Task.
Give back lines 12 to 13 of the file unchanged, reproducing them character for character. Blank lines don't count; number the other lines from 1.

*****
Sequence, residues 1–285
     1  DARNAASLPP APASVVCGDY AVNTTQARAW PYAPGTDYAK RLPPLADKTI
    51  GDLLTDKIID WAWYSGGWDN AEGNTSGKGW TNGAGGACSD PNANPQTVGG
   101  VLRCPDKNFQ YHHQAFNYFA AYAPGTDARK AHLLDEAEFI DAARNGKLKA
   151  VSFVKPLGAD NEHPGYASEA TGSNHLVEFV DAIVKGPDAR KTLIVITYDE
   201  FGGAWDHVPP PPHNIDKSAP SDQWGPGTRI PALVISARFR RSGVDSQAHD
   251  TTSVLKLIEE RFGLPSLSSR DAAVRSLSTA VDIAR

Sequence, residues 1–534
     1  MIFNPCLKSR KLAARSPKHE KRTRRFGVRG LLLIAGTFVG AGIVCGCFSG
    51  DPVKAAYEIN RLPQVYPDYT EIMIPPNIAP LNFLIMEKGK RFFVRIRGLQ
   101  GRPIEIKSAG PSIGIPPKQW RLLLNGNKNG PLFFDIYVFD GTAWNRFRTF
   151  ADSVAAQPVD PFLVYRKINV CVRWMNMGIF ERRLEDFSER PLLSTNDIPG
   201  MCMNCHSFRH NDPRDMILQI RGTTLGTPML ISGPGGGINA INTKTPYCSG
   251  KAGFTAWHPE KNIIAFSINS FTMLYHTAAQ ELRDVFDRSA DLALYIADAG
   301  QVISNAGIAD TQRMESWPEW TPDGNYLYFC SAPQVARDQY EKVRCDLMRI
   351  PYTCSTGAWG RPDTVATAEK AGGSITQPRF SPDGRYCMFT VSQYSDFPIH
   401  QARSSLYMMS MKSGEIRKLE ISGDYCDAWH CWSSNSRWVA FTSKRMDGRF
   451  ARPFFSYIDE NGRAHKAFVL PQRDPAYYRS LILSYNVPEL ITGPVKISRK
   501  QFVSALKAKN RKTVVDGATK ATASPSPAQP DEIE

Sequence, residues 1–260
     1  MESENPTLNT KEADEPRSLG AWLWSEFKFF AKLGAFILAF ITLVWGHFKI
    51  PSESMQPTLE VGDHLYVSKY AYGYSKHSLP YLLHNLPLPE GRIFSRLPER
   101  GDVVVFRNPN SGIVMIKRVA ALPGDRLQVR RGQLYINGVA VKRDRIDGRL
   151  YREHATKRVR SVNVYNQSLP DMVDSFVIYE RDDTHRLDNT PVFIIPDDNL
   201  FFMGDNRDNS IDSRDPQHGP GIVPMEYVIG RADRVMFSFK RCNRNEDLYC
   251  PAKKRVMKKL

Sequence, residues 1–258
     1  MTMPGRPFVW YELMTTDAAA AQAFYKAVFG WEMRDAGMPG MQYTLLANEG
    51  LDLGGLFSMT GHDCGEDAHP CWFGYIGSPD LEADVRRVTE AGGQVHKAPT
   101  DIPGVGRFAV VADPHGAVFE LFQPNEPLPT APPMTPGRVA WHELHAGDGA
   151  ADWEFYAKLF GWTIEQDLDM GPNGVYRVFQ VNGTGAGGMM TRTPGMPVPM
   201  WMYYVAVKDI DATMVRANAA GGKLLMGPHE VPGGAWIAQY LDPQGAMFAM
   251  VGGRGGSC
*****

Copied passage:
   151  ADSVAAQPVD PFLVYRKINV CVRWMNMGIF ERRLEDFSER PLLSTNDIPG
   201  MCMNCHSFRH NDPRDMILQI RGTTLGTPML ISGPGGGINA INTKTPYCSG